However, if the OP has some neighbours that might get angry if the birds fly into their gardens, then I would advise clipping the wings.

    Just be careful..........if a clipped bird does jump up onto the fence and goes next door, there is a real chance that it will not be able to get back because of the clipped wings, and then a neighbours dog or some other animal may get the trapped chicken.
  7. Saffi0418

    Saffi0418 In the Brooder

    Nov 6, 2012
    Melbourne, Australia
    Thanks everyone - that gives me a lot to think about.
    I really just want them out for the afternoon, once they have finished laying for the day - don't want to have eggs laid all over the place.

    I do plan to be working in the garden when they are out, but there are always distractions.

    My next concern is getting them back in the enclosure. I assume they will come back to roost, but what if I want to lock them up earlier?

  8. hnybny91

    hnybny91 In the Brooder

    Jan 26, 2013
    Mine always go back in the coop at dusk but trying to get them in earlier is a pain.
  9. chickenbythesea

    chickenbythesea Songster

    Jun 15, 2011
    Nova Scotia
    i have a silver spangled hamburg who can fly 10 feet straight up... tried just clipping one wing and the sucker could still fly (had to put my son on top of the coop roof too many times)., so I ended up clipping all her flight feathers on both wings... I still have a very hard time catching her but at least she's not way up in the air at night where it's dangerous to climb and get her. If you need to clip than do it.. it doesn't hurt and it (depending on situation) can help to keep them safe.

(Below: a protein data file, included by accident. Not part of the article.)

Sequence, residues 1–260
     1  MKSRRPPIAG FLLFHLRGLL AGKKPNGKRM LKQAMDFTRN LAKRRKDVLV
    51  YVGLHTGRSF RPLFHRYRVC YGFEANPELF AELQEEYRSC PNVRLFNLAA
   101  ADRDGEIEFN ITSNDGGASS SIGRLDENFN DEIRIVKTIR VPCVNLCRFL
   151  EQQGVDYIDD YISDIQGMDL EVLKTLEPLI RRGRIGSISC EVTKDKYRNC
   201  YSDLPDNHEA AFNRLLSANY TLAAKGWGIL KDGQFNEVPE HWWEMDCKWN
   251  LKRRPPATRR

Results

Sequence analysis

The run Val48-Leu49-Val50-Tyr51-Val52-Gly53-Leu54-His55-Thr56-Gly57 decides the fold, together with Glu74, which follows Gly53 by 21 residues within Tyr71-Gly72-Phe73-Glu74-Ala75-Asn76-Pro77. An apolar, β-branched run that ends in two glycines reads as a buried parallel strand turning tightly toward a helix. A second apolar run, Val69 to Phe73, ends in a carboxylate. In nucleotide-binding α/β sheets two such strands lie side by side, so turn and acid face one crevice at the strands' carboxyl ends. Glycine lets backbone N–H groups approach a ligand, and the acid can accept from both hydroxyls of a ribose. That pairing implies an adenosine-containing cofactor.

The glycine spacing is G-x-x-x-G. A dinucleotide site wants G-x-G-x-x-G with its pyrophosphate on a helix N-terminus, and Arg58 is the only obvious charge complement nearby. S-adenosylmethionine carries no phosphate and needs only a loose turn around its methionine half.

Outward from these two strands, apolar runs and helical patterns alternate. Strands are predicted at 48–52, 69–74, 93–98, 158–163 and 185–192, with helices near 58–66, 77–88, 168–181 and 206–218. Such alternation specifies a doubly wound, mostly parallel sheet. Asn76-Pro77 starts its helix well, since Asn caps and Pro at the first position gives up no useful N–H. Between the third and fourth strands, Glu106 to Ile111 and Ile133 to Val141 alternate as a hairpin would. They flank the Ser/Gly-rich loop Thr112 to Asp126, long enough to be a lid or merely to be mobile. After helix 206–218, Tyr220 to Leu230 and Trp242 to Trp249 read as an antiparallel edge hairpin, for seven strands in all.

10. FenikT

    FenikT Chirping

    Dec 5, 2012
    I'm on the fence (no pun intended) on the value of wing clipping.

    I have five hens (3 cornish, 2 EE) I got when they were several months old. My neighbor (old country boy) said clipping wing feathers was a requirement if I didn't want to chase birds over the fence and into the woods each day. I reluctantly clipped several feathers on one wing on two of them and left Momma Bird untouched. My backyard has a 7ft privacy fence (btwn me and neighbor) on one side and 4ft picket for the rest of the yard. I never had any issues w/ the cornish trying to jump the 4ft picket.

    My EEs were also several months old when I got them. I figured I would left them intact and see how things played out. One day I got home from work and only noticed four birds present. I assumed a predator had nabbed Goldie (EE) and put the remaining girls back in the coop. After looking all over the backyard and scanning the nearby woods, I didn't initially notice anything. Just when I was about to go back inside, something caught my eye in the deep brush, then I heard a cluck. Seems Goldie flew over the 4ft picket fence but couldn't figure how to get back over into the backyard. I let Momma Bird out of the coop and she started clucking and running along the fence line. Goldie eventually came alongside the fence and paced back/forth for about an hour. Momma Bird was still clucking away when I put her back in the coop, sounding a bit worried that Goldie was still astray.

    I finally had to pop a picket off the fence line so she could get back in.

    After this two hour debacle, I clipped both wings on both EEs. In hindsight, I probably was a bit overzealous and emotional in doing this to the EEs. I suspect Goldie was just testing the bounds of her new home (going from a 20x20' run with 30 turkeys, guineas, and chicks to a backyard with only four sisters).